At six years old, when “growing pains” in his legs started to become painful, TJ was diagnosed with acute lymphoblastic leukemia. Following multiple relapses, TJ’s doctors at Children’s of Alabama recommended CAR T-cell therapy as a less invasive alternative to bone marrow transplant. Today, TJ is a few months post-treatment and remains a healthy and happy twelve-year-old.

In her own words, TJ’s mother Marianne shares the story of her son’s diagnosis, relapses, and the journey to CAR T-cell therapy.

In November 2015, at six years old, TJ was diagnosed with Acute Lymphoblastic Leukemia.

The first symptoms has been cramps in his legs that were very painful, followed with low grade fevers. When we took him to the doctor, his labs initially returned normal and the leg cramps were dismissed as “growing pains”.

It took over two months to get an official diagnosis. 

Following confirmation of his leukemia, TJ was supposed to do the three-year Very High Risk protocol, but relapsed in the maintenance stage. He did OK with treatment, but just seemed to have lots of minor complications, including seizures after High Dose MTX.

TJ relapsed first in March 2018 at age 9, and again in March 2022 at age 12. 

Headaches were the initial indicator for both relapses, as well as some random nausea and vomiting episodes. All labs were initially normal during both relapses as well. With the first relapse he ended up having hydrocephalus and had to have a programmable shunt placed in his brain to drain the excess fluid. He then did two years of chemotherapy and Blina, and 10 days of cranial radiation.

With the second relapse he mainly had the headaches, and we honestly didn’t believe it was a relapse because he had been off treatment for 2 years. The neurosurgeon went in to do a shunt revision and found 81% blast in his central nervous system (CNS). 

TJ’s oncology team at Childrens of Alabama suggested CAR T-cell therapy as an alternative treatment option, and recommended saving bone marrow as a last resort. We opted to do CAR T-ell therapy versus BMT due to it being less invasive and harsh on him.

We were left with no other options.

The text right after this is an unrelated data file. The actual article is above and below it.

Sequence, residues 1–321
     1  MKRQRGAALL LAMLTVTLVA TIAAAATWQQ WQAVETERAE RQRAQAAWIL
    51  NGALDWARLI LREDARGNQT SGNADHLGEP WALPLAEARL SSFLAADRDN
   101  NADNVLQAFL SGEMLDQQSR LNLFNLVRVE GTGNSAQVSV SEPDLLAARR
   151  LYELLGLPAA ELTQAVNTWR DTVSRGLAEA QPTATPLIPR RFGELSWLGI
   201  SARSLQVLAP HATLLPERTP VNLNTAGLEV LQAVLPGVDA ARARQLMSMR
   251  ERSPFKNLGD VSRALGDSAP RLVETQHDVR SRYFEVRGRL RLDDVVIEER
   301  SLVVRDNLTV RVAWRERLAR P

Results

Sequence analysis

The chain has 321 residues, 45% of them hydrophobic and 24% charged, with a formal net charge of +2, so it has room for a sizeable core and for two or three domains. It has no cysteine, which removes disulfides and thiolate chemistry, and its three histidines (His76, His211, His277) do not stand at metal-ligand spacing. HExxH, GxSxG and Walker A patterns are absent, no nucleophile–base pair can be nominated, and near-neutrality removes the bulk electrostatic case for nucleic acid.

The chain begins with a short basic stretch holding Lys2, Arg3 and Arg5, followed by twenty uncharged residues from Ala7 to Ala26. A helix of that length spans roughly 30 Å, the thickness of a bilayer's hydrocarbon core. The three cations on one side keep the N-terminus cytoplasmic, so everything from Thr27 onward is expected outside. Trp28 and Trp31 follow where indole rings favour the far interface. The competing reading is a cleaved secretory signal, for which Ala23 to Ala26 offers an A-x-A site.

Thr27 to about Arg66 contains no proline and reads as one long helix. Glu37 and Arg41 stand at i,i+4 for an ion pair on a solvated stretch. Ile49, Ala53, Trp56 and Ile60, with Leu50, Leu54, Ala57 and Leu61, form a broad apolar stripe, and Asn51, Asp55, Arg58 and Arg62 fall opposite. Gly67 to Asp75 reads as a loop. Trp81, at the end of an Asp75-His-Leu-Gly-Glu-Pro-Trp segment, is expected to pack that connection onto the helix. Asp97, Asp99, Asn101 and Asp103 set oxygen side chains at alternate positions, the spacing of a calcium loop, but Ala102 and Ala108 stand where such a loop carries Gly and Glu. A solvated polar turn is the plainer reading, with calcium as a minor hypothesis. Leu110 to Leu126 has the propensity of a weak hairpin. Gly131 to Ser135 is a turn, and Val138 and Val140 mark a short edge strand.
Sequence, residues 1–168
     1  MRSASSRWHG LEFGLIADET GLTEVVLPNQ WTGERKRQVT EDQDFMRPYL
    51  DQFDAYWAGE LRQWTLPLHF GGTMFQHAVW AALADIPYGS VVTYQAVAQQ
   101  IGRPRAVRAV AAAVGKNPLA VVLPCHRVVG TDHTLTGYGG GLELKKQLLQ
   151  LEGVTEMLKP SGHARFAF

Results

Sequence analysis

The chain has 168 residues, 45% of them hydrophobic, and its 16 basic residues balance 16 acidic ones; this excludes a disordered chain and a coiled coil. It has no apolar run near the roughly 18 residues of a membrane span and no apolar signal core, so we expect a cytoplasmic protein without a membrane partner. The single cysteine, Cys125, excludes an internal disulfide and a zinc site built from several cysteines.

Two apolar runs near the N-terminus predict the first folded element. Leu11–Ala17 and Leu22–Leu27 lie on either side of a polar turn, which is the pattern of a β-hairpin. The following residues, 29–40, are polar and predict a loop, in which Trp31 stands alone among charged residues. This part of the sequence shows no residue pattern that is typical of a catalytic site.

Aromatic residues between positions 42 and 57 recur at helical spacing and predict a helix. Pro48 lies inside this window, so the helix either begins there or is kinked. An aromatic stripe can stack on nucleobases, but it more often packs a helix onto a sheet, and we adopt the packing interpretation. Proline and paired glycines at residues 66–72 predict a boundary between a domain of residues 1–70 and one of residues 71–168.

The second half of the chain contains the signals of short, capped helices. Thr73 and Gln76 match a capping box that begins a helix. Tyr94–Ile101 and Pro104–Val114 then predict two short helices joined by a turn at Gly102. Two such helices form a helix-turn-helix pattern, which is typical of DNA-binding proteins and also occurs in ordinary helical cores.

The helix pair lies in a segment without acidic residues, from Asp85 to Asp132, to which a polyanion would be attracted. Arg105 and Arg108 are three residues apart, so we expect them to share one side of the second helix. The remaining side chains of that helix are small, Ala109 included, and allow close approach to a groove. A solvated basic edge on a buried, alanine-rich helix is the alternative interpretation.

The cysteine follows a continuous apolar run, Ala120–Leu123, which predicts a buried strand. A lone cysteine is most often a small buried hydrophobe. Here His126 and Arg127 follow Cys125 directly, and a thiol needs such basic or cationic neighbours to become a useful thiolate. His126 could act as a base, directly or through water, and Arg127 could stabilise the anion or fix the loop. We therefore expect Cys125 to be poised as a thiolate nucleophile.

We met with the transplant team at Childrens of Alabama, they enrolled us, and then we prepared for the cell collection. The process took about 2 weeks to begin.

Our medical team was amazing at handling every fine detail and keeping us involved the entire time.

TJ received his cells on May 31, 2022 and has done amazing. He did experience cytokine release syndrome (CRS) and immune effector cell-associated neurotoxicity syndrome (ICANS) during the process, but they resolved quickly with only one dose of tocilizumab. We spent about 3 days in the ICU, but thankfully we caught it early and treated quickly.

Today, TJ remains in remission post CAR-T. He is a shy kid, but once you get to know him he is funny and loving. He loves video games and fireworks, building legos, and is very creative.

The CAR T-cell therapy process is so much easier on the child. We are grateful for the outcome we have had since receiving the treatment. 


We receive messages from families around the world with experiences similar to TJ’s family. We do whatever we can to be a resource for these families to help them get enrolled in a clinical trial or find an eligible CAR T-cell therapy treatment center. 

To search for available CAR T immunotherapy clinical trials, visit our Pediatric Cancer Clinical Trial Finder. To help us in our mission to give children around the world the opportunity to Activate the Cure to their cancer, Get Involved or Donate now.